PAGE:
24. Bearing in mind the guidelines enunciated in the ratio of various judicial pronouncements, the scheme of the Code in that behalf, the object for enacting or incorporating the said provision and the basic concept of the term in question, the following propositions would logically follow. -
(1) That the term 'interlocutory order' has been used in a restricted sense and not in a broad or realistic sense.
(2) That it merely denotes an order of purely interim or temporary nature. The emphasis in this category is on the word 'purely', which would again high-light the concept that the nature of the order must be pure and simple, temporary or interim in character and ostensibly deceptive appearance of a temporary character should not be confused with the real and outright temporary nature.
(3) Such orders pertaining to some matters in the proceeding which merely and purely assume the character of steps-in-aid of the proceeding can be embraced by the said terminology, which again affords a pointer about the nature and categories of the orders that are purely temporary or interim without actually affecting or even touching substantially any right or material aspect of the proceeding.
(4) Though a stamp of finality to the proceeding or termination of the proceeding may be quite a relevant and important consideration, yet it is not a sole criterion of the test in that behalf.
(5) So also, the potential capacity to terminate proceeding or to give it a label of finality is also not the only and conclusive criterion though it by itself is a relevant feature.
(6) Therefore, the fact that the main proceeding is kept alive that does not ipso facto give a stamp to several such orders as 'interlocutory order'.
(7) Consequently it is not permissible to equate the expression 'interlocutory order' as invariably being the converse of the term 'final order'.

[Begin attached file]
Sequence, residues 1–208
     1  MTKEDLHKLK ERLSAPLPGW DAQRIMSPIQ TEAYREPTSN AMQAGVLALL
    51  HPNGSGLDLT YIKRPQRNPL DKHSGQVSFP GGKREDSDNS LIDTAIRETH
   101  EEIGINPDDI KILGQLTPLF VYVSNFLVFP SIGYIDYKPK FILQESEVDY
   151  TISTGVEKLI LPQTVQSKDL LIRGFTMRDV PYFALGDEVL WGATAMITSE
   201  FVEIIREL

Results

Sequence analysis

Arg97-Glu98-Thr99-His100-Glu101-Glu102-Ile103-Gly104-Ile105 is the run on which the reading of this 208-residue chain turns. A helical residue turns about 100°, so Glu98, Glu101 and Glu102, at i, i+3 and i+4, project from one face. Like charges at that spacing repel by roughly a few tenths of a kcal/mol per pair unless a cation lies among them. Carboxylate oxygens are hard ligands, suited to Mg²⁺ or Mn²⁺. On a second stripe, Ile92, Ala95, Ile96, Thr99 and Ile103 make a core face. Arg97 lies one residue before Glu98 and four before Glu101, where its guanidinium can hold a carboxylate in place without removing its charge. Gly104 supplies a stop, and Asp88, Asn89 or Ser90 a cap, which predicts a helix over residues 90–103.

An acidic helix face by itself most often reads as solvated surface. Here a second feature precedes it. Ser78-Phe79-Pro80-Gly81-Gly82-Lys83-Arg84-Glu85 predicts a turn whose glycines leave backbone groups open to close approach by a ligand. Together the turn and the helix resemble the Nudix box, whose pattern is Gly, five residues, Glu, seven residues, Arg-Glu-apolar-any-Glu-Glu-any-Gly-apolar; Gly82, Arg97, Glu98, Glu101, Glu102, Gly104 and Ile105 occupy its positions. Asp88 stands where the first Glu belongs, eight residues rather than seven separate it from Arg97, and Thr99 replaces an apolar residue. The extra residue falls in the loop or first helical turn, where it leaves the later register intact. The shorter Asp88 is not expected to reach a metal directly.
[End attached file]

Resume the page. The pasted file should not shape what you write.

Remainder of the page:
(8) An order of moment would obviously be lifted out of the sweep of the said terminology.
(9) Irrespective of the order bearing stamp of finality, there may be an intervening stage which can be called as 'intermediate stage' at which an order may be passed which in turn may be called as 'intermediate order', which neither gives the finality to the proceeding nor is purely interim or temporary and as such is not an interlocutory order, but would fall in between and in certain cases such order can be said to be not interlocutory.
(10) An order which -
(a) decides; or
(b) even touches the important rights or liabilities of the parties;
cannot be said to be interlocutory.
(11) An order which -
(a) substantially affects the rights of the parties; or
(b) decides certain rights of the parties;
cannot be termed as 'interlocutory'.
(12) So also, an order which -
(a) adjudicates; or
(b) even affects -
(i) either the rights of the parties;
(ii) even any particular aspect of the trial or the proceeding cannot be also termed as 'interlocutory order'.